- Will flexible working be suited to all regions from a cultural perspective? Some countries are more open to an agile approach to work, whereas others are likely to be more resistant to change…
4. Does your existing culture lend itself to an agile working approach?
For flexible working to be a success, the business needs to be output focused. A business with a presenteeism culture will obviously struggle to make flexible working effective in their environment! When it comes to measuring the success of staff, focus needs to be applied to monitoring impact and output, which can only be done by setting clear objectives and deliverables.
5. Have you amended your hiring process to ensure you’re recruiting employees suited to a flexible working environment?
Understanding the qualities and attributes of candidates that are suited to working in a flexible way is key! Whether it’s a desire to self-develop, take charge or it’s possessing a natural curiosity and willingness to learn, these drivers and qualities need to be built into your hiring process to ensure you’re recruiting people that are going to be suited to a flexible working environment.
6. What measures can you take to protect your existing culture and sense of ‘team collaboration’?
One of the obvious downsides of flexible working is that your teams don’t work as closely from a proximity perspective. It’s, therefore, really important to try and embed a strong sense of belonging to ensure your teams are as engaged as possible. The on-boarding phase of an employee’s journey is a critical time to establish this commitment and map out a bunch of interventions to help align them to the business and its values. Additionally, a lot of businesses report success by encouraging staff to be in the office on a specific day to help with team bonding and inclusion. Company wide updates and team lunches / socials are also good ways to promote team spirit and collaboration.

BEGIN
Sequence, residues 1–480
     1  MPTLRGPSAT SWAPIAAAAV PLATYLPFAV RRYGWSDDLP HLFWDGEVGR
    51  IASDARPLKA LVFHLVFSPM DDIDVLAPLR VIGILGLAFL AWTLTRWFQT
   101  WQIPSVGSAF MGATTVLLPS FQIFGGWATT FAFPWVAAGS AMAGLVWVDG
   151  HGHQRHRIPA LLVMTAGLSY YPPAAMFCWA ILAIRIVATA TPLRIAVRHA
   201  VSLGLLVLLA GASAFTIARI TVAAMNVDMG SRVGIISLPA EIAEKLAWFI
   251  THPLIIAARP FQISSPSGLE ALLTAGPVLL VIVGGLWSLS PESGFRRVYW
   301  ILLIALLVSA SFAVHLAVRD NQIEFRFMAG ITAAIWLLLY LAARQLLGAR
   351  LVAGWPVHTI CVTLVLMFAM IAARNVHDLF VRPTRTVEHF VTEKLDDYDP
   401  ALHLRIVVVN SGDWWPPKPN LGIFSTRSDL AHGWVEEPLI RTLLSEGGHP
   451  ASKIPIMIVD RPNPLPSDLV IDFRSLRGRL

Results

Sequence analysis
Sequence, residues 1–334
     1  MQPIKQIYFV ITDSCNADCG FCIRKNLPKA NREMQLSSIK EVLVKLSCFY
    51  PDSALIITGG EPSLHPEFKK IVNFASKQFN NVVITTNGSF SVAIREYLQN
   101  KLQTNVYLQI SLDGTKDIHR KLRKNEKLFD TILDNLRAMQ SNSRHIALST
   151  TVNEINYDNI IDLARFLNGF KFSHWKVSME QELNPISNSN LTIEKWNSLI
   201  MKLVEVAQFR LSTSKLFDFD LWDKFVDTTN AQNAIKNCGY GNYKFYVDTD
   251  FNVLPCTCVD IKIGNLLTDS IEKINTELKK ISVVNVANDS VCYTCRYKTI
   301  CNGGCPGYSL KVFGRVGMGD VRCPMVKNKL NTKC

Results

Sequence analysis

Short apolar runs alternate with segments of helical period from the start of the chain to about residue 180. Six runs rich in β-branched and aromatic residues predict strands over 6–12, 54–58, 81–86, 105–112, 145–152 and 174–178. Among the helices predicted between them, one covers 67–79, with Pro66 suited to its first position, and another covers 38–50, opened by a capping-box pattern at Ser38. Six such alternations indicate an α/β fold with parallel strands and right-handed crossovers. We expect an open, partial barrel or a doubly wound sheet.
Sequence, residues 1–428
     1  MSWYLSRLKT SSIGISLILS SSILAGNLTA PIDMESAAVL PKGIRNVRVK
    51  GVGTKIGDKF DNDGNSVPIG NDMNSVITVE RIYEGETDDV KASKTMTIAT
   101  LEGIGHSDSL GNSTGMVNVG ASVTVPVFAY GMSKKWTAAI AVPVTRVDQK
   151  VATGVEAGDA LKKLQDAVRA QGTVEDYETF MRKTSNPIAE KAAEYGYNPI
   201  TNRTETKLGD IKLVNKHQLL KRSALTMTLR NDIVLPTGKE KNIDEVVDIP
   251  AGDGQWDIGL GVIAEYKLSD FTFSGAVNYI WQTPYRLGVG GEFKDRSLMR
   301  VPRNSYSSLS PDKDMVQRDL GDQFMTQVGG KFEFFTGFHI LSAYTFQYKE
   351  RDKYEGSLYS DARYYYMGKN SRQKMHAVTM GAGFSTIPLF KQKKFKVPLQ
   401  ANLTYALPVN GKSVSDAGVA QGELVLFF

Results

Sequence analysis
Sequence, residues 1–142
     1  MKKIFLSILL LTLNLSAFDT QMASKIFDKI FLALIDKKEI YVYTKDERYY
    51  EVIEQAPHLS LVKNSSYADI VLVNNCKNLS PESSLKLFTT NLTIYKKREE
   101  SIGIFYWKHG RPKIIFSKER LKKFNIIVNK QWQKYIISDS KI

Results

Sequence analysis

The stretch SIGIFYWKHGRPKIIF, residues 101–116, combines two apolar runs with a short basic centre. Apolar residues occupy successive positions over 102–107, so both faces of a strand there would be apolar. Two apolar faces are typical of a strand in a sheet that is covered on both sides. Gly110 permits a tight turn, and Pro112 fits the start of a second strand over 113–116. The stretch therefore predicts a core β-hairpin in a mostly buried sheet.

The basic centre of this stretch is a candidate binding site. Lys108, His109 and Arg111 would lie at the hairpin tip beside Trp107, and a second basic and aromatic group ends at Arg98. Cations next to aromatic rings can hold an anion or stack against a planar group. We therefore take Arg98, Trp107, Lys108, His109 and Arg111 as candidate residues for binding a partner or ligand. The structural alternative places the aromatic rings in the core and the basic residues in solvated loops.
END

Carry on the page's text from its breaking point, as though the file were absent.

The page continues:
7. What tools and technology help ensure the success of flexible working?
The tools below were all discussed during the HR Leadership Think Tank as effective ways to enhance flexible working:
- Team WhatsApp groups can prove highly successful for ensuring that remote teams remain connected and provide a useful channel for discussion
- E-learning tools and apps are a great way to drive L&D initiatives, allowing employees to develop their skills when not physically present in the office
- The Zoom platform is brilliant for team interactions and creates a seamless video conferencing experience when people are working remotely
- Slack channels are also great for facilitating discussion amongst teams. Additionally, getting your C-suite population involved helps drive engagement and creates a buzz when the wider business see that the platform’s being used by the senior population
- The Sunlight app (a tool that works well in parallel with Slack) can help your company foster a learning culture by granting your team access to any book, event or course in the world.